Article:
Germany Arrests Suspected Double Agent Accused Of Spying For China
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|Ilustrative image. Source: DW|
German authorities arrested a former spy for Germany’s secret service on suspicions that he conducted “intelligence agent activities” for China, the federal prosecutor’s office have said.
According to a press release from the prosecutor’s office, the man — named only as Klaus L. — allegedly supplied the Chinese secret service with information for almost a decade, starting in 2010.
At the same time, however, he was an informant for the German Federal Intelligence Service (BND), according to the Politico.
German public broadcaster ARD reported that the man, now 75, provided the BND with information for 50 years, leading a “double life.”
Publicly, he was a political scientist, working for the Hanns Seidel Foundation — a political research foundation closely associated with the Christian Social Union (CSU), the Bavarian sister party of Angela Merkel’s conservatives — from the 1980s until retirement. He has also run a think tank since 2001.
|Shanghai, where Klaus L. was recruited by Chinese intelligence in 2010. Photo: DW|
The suspect was arrested on July 5, on the basis of charges filed in May, the prosecutor’s office said.
As part of his work, he traveled abroad frequently, for example for guest lectures, across “the former Soviet Union and later Russia, the Balkans, South Africa and South Asia,” ARD reported, adding that the BND would be involved in meetings his think tank held with foreign guests. The Hanns Seidel Foundation told the broadcaster it had been unaware of the man’s BND activities.
In 2010, according to the prosecutor’s office, he traveled to Shanghai for a lecture and was approached “by members of a Chinese intelligence service in order to win him over for cooperation.”
“Subsequently, until November 2019, the defendant regularly provided information to the Chinese intelligence service in the run-up to or after state visits or multinational conferences, as well as on current affairs,” the prosecutor’s office’s statement continued.
According to ARD, the suspect — whose home was searched in November 2019 — did not deny that he had spied for China, but insisted that he had told the BND about his contacts to the Chinese, at least initially.
|The old headquarters of the BND in Pullach. Photo: DW|
A series of Espionage scandals involving China rocks Germany
The South China Morning Post said it is the latest in a series of Espionage scandals involving China to have rocked Germany and the wider European Union (EU).
“We know from German intelligence reports that China has been active in trying to recruit informants in the country in recent years. What we haven’t seen is a successful case brought by prosecutors that exposes the nature of this espionage. In that sense, this is an important test,” said Noah Barkin, senior visiting fellow in the Asia programme at the German Marshall Fund, a think tank.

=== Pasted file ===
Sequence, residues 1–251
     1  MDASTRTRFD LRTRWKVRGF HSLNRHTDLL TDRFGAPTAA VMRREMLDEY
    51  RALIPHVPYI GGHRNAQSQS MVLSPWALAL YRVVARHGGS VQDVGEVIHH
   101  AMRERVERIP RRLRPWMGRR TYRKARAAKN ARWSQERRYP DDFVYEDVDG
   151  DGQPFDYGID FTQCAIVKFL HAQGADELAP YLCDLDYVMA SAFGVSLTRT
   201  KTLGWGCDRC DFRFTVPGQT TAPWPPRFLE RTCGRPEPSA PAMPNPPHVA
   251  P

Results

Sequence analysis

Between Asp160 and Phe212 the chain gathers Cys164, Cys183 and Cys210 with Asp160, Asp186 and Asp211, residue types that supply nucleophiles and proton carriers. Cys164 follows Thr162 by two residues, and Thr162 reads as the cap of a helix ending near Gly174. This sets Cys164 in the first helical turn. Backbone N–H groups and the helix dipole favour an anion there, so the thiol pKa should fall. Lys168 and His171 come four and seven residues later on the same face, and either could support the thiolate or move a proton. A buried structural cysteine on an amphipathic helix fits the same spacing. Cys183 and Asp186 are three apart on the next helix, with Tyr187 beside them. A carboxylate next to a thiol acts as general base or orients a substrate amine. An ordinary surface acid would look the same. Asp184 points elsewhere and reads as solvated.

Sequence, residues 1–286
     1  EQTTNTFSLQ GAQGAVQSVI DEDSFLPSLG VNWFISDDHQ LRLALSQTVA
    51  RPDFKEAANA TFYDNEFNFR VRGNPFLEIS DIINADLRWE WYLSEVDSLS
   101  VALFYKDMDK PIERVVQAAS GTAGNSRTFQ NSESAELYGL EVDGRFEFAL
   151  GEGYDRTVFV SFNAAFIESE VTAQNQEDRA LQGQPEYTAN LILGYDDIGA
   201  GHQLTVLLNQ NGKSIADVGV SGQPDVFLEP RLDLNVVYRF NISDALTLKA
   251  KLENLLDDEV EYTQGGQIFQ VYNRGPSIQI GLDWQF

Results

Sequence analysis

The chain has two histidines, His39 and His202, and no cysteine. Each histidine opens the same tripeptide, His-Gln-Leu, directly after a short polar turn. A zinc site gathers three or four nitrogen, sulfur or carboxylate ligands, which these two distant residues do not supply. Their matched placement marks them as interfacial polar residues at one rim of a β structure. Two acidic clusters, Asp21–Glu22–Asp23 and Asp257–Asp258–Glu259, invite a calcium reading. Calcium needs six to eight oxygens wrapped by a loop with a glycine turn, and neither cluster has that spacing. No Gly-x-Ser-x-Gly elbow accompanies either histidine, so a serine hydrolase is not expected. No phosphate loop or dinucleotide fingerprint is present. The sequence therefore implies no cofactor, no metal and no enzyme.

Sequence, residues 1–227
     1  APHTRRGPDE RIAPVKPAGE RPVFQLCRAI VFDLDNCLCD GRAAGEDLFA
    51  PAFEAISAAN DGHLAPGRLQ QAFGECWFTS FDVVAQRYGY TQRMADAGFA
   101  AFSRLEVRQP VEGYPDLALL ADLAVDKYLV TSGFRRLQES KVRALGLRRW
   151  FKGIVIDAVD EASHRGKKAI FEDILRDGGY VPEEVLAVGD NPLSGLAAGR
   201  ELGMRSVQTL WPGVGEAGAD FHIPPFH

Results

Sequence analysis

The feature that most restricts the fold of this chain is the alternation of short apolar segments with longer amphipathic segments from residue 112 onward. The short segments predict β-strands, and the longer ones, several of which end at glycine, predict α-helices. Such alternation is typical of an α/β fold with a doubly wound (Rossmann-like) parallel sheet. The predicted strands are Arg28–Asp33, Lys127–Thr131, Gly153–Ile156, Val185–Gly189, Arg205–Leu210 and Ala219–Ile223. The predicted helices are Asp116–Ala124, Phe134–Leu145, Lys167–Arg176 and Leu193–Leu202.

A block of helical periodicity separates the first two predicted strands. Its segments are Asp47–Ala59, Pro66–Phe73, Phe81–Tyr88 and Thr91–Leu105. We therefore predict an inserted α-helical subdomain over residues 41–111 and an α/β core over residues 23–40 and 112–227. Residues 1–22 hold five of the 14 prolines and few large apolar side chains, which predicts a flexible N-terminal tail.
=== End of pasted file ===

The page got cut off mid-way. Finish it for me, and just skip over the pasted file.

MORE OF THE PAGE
Early last year, German prosecutors launched an international investigation into what was suspected to be a Chinese spy ring involving German nationals, including one senior diplomat and two lobbyists.
It subsequently emerged that authorities had been investigating Gerhard Sabathil, the EU’s former ambassador to South Korea and a career diplomat, for allegedly spying for China. After failing to substantiate allegations that he was working for Beijing, prosecutors dropped the investigation, with Sabathil vowing to take legal action.
In 2018, criminal charges were brought against a former employee of Lanxess, a German chemical company, for stealing trade secrets for the building of a Chinese chemical reactor.
In 2017, Germany’s intelligence agency uncovered social network profiles that it said were being used by Chinese intelligence agencies to gather personal information about German officials and politicians.
Officials from the EU’s External Action Service – its de facto foreign ministry – reported that there were “around 250 Chinese and 200 Russian spies in the European capital” of Brussels in 2019, German newspaper WELT reported at the time.
Germany’s former spy chief Gerhard Schindler warned in a book released last year that the threat of Chinese espionage in Europe was rising and to counter it, Berlin must reduce its “strategic dependence” on China and ban Huawei Technologies from its 5G mobile phone network. Schindler led Germany’s foreign intelligence service from 2011 to 2016.
The alleged involvement of the German academic marks the latest chapter in a dramatic period for European think tanks researching China.
Earlier this year, the Mercator Institute for China Studies was sanctioned by China, part of a batch of retaliatory measures against EU sanctions on Chinese officials for their roles in suspected human rights abuses in Xinjiang.
The think tank is one of the biggest and most prominent organisations researching China, with staff now unlikely to be able to travel to the mainland, even after pandemic-related restrictions are lifted.
German anthropologist Adrian Zenz and Swedish academic Björn Jerdén have also been sanctioned./.
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